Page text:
In The Fault in Our Stars, the protagonist describes falling in love as “the way you fall asleep: slowly, and then all at once”. That’s how I fell in love with this book.
In some ways, I was looking forward to Sorrow’s Knot for the pure magic of Erin Bow’s prose. She has an eerie ability to paint such vivid, startling pictures with just a certain choice of words that I sometimes wonder if she isn’t a wizard. Like it's forerunner, Plain Kate, this book cast a spell over me. Sorrow's Knot is a stunning yet harrowing story about a girl named Otter, a binder of knots that keep back the dead. Her world is a rare one and Erin Bow weaves it well. With rangers and binders and storytellers, with names like Willow and Mad Spider, Otter’s world of the pinch evokes images of an indigenous community untouched by colonialism and it’s like nothing I’ve ever seen in YA. The friendship between Otter (the protagonist) and Kestrel and Cricket is refreshingly real and all three are so very brave in very different ways. I adored Kestrel’s quietness. My heart thrilled with Cricket’s storytelling. And I ached at Otter’s struggle to find her place in the world.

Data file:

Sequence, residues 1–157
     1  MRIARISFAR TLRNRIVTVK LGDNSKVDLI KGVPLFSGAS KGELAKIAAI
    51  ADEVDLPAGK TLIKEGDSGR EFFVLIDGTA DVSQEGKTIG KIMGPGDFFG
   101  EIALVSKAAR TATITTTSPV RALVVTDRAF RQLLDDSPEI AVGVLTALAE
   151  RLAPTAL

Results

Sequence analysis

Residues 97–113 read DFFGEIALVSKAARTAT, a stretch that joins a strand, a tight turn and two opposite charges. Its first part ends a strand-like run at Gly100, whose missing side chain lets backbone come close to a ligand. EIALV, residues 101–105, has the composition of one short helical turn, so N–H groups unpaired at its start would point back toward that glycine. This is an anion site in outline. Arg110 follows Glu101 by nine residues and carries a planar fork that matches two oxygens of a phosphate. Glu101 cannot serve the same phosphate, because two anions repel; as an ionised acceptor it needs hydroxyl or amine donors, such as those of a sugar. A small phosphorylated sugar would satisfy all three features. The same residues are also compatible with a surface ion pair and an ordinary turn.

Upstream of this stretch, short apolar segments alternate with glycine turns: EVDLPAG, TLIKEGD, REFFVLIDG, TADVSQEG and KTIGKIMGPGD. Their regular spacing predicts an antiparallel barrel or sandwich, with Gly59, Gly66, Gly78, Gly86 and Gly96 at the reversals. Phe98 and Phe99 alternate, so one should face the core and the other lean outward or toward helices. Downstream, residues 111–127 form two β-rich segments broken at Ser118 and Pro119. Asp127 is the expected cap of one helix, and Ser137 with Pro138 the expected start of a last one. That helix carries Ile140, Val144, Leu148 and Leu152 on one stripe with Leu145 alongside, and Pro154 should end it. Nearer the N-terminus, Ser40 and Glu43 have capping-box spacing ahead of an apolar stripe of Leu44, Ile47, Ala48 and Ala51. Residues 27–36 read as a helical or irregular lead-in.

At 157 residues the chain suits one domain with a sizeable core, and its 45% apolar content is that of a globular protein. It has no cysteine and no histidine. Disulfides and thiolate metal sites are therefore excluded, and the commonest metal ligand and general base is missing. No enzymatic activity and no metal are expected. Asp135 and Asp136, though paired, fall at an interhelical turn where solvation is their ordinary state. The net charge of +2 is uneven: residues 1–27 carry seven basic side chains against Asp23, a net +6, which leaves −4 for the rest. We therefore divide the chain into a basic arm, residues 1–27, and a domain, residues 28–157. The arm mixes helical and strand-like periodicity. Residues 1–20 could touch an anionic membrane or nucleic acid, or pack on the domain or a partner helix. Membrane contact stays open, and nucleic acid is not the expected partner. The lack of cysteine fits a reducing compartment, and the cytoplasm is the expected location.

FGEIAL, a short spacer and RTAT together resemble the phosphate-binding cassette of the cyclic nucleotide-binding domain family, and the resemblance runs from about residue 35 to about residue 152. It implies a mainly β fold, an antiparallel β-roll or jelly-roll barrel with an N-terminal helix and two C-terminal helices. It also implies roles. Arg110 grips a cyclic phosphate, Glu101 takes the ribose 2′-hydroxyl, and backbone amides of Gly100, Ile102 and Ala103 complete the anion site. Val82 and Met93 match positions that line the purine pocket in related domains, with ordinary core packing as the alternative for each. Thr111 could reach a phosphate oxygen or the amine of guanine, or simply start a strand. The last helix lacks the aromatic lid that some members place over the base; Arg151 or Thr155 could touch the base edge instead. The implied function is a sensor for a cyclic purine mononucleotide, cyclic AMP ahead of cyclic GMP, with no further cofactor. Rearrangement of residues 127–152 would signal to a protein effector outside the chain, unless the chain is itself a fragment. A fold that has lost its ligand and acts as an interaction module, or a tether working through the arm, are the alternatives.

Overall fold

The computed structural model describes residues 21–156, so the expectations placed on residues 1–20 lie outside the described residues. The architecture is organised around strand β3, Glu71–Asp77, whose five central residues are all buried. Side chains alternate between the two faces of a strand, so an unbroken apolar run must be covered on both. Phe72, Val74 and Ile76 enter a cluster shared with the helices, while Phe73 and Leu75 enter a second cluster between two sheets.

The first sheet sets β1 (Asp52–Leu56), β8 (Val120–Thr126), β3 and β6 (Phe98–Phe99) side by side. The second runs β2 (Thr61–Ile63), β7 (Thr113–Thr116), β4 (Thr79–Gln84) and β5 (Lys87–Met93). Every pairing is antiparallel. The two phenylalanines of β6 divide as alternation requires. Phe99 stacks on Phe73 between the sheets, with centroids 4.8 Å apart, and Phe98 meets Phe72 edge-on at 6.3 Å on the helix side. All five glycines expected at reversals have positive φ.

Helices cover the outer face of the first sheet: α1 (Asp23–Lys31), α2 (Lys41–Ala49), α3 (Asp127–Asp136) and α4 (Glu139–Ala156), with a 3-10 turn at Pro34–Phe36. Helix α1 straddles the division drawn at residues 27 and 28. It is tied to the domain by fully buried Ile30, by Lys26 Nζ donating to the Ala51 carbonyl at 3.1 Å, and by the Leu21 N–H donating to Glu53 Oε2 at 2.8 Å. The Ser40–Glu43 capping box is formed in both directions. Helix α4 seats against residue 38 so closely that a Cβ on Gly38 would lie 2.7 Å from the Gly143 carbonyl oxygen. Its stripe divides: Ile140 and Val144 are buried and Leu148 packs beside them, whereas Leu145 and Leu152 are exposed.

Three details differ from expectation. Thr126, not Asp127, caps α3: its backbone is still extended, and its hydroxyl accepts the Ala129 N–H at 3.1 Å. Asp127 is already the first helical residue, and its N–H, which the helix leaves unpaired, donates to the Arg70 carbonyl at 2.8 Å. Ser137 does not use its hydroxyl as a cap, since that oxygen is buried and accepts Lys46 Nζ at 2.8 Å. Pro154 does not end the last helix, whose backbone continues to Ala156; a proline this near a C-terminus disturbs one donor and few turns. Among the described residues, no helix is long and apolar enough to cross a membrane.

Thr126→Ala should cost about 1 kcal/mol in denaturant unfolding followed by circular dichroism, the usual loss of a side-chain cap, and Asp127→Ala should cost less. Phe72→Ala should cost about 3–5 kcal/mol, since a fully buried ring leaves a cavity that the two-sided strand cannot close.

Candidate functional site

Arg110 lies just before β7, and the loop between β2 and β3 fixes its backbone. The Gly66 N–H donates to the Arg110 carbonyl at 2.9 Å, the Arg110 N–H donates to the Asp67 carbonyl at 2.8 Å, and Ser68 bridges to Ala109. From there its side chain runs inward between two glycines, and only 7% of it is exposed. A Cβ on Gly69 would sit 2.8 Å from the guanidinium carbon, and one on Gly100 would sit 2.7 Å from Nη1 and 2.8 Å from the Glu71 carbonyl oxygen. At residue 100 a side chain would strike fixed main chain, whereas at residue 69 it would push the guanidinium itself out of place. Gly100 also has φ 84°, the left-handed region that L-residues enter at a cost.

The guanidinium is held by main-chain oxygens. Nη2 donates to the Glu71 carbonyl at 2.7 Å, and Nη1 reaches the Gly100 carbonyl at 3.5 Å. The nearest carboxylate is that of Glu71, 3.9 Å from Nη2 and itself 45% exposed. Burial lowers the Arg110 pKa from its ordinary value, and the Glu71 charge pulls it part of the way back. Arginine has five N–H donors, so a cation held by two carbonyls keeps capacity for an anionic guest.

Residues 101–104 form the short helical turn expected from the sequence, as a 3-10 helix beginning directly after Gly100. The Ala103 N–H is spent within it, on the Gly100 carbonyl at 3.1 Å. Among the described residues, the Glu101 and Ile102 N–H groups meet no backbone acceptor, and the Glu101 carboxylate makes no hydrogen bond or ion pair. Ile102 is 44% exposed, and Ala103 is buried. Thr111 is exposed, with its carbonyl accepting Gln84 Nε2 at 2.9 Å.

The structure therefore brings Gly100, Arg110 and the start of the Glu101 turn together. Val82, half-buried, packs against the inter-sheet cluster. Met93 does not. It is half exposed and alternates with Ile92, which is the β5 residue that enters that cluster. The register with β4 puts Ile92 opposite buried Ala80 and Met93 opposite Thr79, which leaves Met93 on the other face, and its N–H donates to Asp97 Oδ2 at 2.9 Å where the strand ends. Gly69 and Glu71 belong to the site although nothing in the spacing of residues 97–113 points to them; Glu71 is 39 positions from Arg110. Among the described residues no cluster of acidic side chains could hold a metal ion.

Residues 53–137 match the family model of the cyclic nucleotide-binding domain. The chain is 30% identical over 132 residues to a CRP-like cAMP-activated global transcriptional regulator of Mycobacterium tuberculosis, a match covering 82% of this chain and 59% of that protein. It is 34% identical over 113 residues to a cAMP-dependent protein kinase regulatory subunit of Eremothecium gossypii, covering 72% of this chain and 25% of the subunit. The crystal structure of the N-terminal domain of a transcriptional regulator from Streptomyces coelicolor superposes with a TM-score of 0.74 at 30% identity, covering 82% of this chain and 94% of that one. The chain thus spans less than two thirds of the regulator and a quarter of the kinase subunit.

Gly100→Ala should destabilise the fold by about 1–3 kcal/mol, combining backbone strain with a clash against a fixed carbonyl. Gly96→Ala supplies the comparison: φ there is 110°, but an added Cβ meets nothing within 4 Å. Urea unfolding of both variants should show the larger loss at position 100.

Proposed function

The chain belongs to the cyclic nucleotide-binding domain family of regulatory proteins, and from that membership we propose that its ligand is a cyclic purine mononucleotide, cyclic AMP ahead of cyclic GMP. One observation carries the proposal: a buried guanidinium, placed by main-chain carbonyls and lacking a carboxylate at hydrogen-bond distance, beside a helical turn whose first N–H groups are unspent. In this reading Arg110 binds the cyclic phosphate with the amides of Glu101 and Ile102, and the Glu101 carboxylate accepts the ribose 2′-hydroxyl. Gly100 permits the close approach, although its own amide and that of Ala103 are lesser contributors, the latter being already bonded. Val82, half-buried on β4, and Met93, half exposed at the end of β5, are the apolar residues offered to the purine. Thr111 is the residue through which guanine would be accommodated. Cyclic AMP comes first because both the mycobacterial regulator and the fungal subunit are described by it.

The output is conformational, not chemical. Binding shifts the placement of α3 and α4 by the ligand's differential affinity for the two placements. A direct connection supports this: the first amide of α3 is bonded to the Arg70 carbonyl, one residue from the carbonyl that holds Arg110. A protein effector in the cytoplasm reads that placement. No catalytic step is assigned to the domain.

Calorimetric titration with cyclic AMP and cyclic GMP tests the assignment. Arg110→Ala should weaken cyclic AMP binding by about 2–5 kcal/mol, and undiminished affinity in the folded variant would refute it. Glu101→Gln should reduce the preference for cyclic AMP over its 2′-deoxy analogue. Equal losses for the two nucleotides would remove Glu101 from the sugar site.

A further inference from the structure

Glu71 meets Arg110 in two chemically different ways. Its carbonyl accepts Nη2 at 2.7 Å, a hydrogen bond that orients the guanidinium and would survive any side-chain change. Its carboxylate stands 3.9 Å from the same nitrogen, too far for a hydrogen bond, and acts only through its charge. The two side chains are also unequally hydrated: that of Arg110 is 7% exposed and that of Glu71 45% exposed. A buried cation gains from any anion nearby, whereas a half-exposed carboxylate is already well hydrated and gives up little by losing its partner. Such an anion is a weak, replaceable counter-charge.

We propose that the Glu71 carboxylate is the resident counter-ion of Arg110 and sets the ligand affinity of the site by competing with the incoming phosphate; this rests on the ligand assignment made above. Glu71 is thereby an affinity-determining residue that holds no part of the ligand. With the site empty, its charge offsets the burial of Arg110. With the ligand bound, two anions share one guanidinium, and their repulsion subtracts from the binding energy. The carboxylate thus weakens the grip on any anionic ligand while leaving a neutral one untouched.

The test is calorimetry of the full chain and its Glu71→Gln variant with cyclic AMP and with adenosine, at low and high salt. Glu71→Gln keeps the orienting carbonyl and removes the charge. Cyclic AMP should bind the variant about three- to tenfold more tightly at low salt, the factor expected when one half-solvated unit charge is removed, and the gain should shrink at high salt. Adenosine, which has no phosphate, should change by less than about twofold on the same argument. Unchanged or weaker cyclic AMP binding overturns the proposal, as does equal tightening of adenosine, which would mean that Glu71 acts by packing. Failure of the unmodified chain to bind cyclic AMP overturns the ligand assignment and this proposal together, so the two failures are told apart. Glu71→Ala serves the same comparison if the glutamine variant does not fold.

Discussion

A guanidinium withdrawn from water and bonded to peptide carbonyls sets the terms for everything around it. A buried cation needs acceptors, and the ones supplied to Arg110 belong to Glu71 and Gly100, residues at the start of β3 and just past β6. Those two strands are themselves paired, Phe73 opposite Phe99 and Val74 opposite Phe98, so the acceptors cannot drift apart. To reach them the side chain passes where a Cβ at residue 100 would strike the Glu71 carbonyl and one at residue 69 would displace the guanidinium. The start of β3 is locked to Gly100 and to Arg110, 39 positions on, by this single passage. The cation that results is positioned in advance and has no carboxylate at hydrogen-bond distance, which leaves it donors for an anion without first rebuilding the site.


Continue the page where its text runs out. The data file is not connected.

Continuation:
The most compelling thing about this book, though, is the role of binding and unbinding. In Otter’s community the dead are banished by knots and strings and the binders of these knots are magical, powerful people. But, as Otter's mother tells her, "something is wrong with the knots." And thus, in a story that is largely about loss, the theme of binding things too tightly and the problems that arise with not letting things go becomes its beating heart.
Sorrow’s Knot is a book that looks darkness straight in the face with depth and courage and grace. It sits in the hard, sad places as much as it sits in the light, and that is my favourite kind of story.